There’s one word that’s used more often than most to describe London: sprawling. Architecturally speaking, it’s the defining feature of London’s city layout, but in a more free-flowing way, it’s also how one might describe London’s culture. London has it all. In a city of nearly 10 million people, there are enough types of museums for every type of person. And so many of the museums are quite sprawling themselves. But hey! Big bonus for London: many of its museums are F-R-E-E!
Museums Should be Free
You see, it was when I was living in London as a university student that I discovered the amazing benefits of free access to art & culture. Being priced out of so many other activities and attractions in London, London offers up more than a few free, donation-only museums. Much like America’s capital city, Washington D.C., London is the heart and soul of England and, as such, the state-owned museums provide a certain amount of culture to its inhabitants and residents. And as someone with a lot of free time and not much money, London’s free museums were a life savior. I used to visit the Tate Modern gallery once a week, maybe just for a few minutes as part of my walk home after my internship. But those brief moments of passing through a museum, soaking in a tiny bit of culture, watching people and learning how they look at art. Those were defining moments in my own quest for creativity and culture.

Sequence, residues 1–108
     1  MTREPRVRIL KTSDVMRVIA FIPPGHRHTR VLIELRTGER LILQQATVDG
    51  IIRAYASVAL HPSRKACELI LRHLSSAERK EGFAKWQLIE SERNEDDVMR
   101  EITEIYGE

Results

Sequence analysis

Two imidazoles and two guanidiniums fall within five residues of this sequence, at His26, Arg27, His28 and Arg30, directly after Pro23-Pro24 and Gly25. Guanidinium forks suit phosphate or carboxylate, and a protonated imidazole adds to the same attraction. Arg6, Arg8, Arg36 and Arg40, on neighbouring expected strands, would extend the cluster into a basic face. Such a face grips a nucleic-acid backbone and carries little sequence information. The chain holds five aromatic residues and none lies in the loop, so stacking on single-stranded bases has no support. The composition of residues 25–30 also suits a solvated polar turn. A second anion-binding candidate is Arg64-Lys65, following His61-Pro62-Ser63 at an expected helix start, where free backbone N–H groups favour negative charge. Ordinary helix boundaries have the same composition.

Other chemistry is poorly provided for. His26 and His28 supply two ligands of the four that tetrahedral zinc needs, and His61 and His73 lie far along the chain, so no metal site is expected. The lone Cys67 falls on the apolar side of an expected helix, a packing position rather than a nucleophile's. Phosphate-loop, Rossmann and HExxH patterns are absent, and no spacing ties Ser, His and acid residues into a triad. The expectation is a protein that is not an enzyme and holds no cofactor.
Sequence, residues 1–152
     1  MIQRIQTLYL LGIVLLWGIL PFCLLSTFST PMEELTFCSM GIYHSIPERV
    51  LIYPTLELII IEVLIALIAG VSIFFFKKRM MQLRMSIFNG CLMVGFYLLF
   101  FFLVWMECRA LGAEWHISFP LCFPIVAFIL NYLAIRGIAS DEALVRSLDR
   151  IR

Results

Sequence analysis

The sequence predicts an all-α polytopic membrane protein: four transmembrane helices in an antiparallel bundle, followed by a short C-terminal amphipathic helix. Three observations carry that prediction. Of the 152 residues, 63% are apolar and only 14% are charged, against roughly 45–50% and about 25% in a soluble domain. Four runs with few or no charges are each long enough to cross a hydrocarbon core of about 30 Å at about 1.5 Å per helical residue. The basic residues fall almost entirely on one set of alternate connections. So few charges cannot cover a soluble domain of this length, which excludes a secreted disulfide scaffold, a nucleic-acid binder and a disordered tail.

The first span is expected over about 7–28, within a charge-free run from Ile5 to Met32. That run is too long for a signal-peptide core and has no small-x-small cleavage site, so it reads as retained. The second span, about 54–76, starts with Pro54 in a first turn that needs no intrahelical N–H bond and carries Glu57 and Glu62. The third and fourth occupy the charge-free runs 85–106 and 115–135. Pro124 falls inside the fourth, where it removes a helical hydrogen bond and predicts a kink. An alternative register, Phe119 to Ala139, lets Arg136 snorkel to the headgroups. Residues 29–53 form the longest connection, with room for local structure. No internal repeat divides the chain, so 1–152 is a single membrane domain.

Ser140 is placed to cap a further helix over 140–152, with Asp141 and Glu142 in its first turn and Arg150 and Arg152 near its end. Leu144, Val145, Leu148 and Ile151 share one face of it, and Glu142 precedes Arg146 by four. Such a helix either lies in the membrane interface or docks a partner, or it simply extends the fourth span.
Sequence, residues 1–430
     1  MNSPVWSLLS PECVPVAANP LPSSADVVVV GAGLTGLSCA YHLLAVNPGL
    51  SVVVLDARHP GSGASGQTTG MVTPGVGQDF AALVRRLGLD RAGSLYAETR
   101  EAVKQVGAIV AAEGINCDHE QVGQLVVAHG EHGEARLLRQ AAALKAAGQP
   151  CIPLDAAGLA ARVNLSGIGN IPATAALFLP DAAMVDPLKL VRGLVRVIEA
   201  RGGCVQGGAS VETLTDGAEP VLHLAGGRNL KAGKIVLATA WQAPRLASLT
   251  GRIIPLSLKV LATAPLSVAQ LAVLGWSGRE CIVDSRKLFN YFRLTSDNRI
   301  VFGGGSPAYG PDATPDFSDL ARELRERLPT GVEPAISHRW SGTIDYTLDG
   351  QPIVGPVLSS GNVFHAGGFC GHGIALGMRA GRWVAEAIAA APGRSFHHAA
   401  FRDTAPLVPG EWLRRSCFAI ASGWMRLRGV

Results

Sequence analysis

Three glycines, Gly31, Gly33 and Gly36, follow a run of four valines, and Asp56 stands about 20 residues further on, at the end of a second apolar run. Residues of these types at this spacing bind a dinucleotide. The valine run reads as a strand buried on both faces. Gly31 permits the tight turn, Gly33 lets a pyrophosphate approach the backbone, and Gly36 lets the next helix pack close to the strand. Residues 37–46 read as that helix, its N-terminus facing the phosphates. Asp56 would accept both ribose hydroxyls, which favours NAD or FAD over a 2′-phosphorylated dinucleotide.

I love all museums, but when they’re free, that’s something special. For me, a museum is a place to meet friends. To casually stroll and discover new things. A place to look for inspiration. Of course we should pay for this, but sometimes we can’t. And that’s why these big museums — these state-owned museums of nationalistic culture and pride — that’s why they need to be free. I’d rather visit museums multiple times a month to soak up the culture, instead of just once a year. When the museums are free this is much more possible, otherwise the admission price scares away far too many people who otherwise might not visit.
Do you agree? (Check the comments on the Facebook post below for an interesting discussion about why museums should or should not be free…)
Free Museums in London
When I studied at a university in South Kensington, I was hardly ever more than a stone’s throw away from London’s biggest museums. The Natural History Museum, Science Museum and Victoria & Albert make up a trifecta of culture along Exhibition Road. And all are free! When living in London I used to regularly visit the National Gallery and Portrait Gallery in Trafalgar Square. Special exhibitions at most of these museums are not free but they’re often well worth the cost. Especially when you consider all the free culture you’ve likely been taking in. Also important to note is that many of these museums accept donations, and probably need them to continue providing free. If you’re planning to spend a whole day exploring a museum, maybe drop some quid in the box.
- British Museum — Probably London’s most famous museum, it’s got a bit of a tomb raider feel to it. So many cultures are represented in their collection a visit to the British Museum is like traveling through time.